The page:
The head of buying and creative at Toast on Syrian baubles, off-beat colours and cultured customers

Interview: Ellie Costigan

Have you always worked in fashion and interiors?
I started in the industry when I was 21. I joined Arcadia Group when I graduated, then spent a year at Warehouse buying for the American franchise. I’d never been to New York before and when I went, I completely and utterly fell in love with it—so I moved there. I was ambitious; I wasn’t going fast enough, and the fashion industry is much bigger over there. I ended up working for The Limited, which is a big company with huge labels like Victoria’s Secret. When I came back I joined Nicole Farhi as head of retail and buying, and spent nearly 10 years there. It’s a lovely label—all about quality and texture; it’s really very beautiful, much like Toast.

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Where do you think your love of this sector comes from?
My mum has been in the fashion industry her whole life—I definitely inherited her genes. She’s 73 now and still works full time. She started as a window dresser in Leeds, but left when she was 16 and came to London. She met my dad when they were in their early twenties and they bought their first store in Cranleigh, Surrey, so right in the middle of the countryside. I worked with her for a while before I came to Toast. It was during that time I met my husband and had a baby. I started at Toast when Ruby was one and a half. I really needed it—I’ve always worked really hard, so without it I was a bit lost. As much as I worship her!

You joined Toast three years ago. What does your role encompass?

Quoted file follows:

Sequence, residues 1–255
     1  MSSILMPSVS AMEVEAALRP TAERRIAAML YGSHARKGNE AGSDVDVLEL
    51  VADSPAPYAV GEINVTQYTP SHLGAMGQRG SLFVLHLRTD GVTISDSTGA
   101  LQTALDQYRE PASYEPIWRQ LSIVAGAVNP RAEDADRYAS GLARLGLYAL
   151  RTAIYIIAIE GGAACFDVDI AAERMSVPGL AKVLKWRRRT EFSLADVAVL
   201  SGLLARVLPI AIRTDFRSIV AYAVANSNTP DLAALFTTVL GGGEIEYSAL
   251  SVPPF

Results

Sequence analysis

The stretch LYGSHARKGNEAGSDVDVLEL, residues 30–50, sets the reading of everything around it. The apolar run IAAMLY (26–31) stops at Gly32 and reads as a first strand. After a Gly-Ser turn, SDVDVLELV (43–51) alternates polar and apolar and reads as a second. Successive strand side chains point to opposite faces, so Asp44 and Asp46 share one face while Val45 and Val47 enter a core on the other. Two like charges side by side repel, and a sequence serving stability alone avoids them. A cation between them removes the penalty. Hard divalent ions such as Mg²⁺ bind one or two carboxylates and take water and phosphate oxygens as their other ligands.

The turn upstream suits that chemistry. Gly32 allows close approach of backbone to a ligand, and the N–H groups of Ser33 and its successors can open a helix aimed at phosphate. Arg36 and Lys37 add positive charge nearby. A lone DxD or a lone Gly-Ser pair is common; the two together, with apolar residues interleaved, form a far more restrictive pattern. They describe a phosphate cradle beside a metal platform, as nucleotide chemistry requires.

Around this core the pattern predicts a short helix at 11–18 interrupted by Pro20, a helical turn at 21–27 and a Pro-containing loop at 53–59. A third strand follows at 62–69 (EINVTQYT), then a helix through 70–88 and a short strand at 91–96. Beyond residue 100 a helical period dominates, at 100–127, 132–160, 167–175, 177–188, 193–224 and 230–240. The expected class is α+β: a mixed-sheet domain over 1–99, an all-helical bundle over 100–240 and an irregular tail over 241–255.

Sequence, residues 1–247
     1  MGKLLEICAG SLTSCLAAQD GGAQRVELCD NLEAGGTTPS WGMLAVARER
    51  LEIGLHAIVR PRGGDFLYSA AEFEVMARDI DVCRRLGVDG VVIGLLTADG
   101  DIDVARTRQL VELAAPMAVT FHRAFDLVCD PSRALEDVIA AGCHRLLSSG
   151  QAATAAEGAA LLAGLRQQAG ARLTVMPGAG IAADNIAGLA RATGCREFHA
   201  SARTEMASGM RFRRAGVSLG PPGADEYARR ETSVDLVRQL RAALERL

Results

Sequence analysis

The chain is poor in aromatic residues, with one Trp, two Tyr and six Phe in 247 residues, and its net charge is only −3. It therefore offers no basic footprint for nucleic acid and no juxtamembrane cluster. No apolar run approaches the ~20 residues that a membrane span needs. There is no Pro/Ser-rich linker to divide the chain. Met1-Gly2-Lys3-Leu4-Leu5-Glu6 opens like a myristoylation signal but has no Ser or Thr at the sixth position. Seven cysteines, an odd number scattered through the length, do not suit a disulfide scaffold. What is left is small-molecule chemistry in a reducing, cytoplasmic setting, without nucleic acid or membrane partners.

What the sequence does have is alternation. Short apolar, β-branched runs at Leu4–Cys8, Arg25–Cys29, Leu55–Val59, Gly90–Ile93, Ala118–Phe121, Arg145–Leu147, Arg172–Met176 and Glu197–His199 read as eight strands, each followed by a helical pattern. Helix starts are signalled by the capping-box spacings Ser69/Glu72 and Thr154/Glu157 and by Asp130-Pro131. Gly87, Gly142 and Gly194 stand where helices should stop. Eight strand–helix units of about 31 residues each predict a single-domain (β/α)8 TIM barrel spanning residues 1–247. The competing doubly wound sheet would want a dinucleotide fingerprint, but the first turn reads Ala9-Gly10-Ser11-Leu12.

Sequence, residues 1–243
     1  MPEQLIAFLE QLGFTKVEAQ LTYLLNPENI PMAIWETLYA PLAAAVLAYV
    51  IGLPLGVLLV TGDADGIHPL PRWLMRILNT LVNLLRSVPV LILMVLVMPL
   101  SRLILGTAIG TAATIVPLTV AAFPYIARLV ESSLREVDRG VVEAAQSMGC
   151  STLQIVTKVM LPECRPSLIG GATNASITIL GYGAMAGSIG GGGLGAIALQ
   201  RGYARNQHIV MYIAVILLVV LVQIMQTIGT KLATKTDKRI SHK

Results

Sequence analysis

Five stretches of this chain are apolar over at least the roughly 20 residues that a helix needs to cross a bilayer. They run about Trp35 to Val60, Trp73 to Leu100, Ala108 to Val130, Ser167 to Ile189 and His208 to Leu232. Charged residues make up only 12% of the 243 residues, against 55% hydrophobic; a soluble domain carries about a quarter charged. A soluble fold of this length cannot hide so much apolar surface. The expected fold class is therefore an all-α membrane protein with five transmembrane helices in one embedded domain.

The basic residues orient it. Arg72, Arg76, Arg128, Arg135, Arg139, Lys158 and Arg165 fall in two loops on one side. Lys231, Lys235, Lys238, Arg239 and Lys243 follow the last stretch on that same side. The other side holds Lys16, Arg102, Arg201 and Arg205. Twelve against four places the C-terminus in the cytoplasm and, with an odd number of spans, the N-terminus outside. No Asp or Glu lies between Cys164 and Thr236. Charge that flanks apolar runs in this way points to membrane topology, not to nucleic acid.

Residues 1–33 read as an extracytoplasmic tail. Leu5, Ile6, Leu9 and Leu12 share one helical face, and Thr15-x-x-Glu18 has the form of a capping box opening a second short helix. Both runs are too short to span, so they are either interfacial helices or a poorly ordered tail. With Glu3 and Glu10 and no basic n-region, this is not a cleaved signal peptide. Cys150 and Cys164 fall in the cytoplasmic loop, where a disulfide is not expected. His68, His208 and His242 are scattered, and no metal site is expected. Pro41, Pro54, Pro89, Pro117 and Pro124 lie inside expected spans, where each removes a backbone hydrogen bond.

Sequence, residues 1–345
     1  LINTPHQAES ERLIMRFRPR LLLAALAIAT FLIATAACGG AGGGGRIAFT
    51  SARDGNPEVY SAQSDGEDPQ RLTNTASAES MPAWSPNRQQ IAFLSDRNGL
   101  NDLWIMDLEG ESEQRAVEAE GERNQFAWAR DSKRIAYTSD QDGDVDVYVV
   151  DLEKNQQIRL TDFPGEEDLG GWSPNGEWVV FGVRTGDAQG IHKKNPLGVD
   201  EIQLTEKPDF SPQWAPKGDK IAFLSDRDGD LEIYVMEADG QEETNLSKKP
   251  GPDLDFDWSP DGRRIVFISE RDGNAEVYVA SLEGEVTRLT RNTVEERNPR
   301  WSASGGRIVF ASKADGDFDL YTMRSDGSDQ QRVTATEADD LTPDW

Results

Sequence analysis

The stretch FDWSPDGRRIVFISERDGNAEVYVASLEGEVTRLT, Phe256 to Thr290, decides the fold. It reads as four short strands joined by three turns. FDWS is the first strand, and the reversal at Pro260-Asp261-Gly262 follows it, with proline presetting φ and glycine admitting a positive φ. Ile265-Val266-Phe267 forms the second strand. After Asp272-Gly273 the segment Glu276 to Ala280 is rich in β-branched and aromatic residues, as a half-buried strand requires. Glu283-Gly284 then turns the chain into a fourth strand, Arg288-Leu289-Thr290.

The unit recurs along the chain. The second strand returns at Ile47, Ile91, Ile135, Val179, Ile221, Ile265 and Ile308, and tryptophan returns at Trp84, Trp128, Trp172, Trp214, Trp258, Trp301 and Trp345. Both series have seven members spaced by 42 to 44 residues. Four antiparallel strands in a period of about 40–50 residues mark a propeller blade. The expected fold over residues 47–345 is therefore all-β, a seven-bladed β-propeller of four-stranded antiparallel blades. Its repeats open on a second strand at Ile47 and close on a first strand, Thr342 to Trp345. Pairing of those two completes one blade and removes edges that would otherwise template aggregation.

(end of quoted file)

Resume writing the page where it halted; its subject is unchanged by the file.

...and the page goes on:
I came in as head of buying and my remit was to look at the product and refresh it. It’s been going for 20-odd years and like every brand, sometimes you need fresh eyes to keep it moving forward. I wanted to feel able to wear the clothes and love every piece, and establish a point of view that was different to everybody else’s, while holding on to the values of Toast.

I was—I am—so passionate about the product, I was getting myself involved in how things were shot, who we were casting, how the styling looked online, if the outfits were right, what the windows looked like. I wanted to keep that momentum going, right through to the point of sale. Eventually I was offered the role of head of creative, so it was a natural progression.

What do you look for in a piece?
For us, the key attributes are it needs to be handcrafted—not widely available or mass produced. It has to have an element of social consciousness about it, that’s so key to our DNA: it has to be natural dye, organic, fair trade, or something that’s made with authentic, artisanal methods. There needs to be a story to it. The design team do a lot of site visits, they go on research trips for inspiration and they come back with amazing video stories.

For example, the dressing gowns and jackets are incredible—they’re made from recycled saris and we know the women who make them are paid above average. We’ve got amazing block print tassel throws: the design is carved out on a block and is literally hand printed, so it’s very labour-intensive. You’re inevitably going to get variants, but that irregularity adds to its beauty. We’ve got these lovely baubles coming in for Christmas which are all hand-blown in Damascus in Syria, which they are still managing to get to us despite all the turmoil.

The ceramics are all British-made. There’s a lady we’re working with at the moment, Pip Hartle, who’s based in east London. Brickett Davda—which does a line of earthenware tableware—is based in Brighton and we’ve been working with the lady behind that for about 15 years. We commission lines that are unique to us, but also occasionally buy from an artist’s own collection—it’s not mass produced, so we’re fine if it’s also in the V&A, for example. But everything has our handwriting. It’s a small collection, but it’s very thoughtful.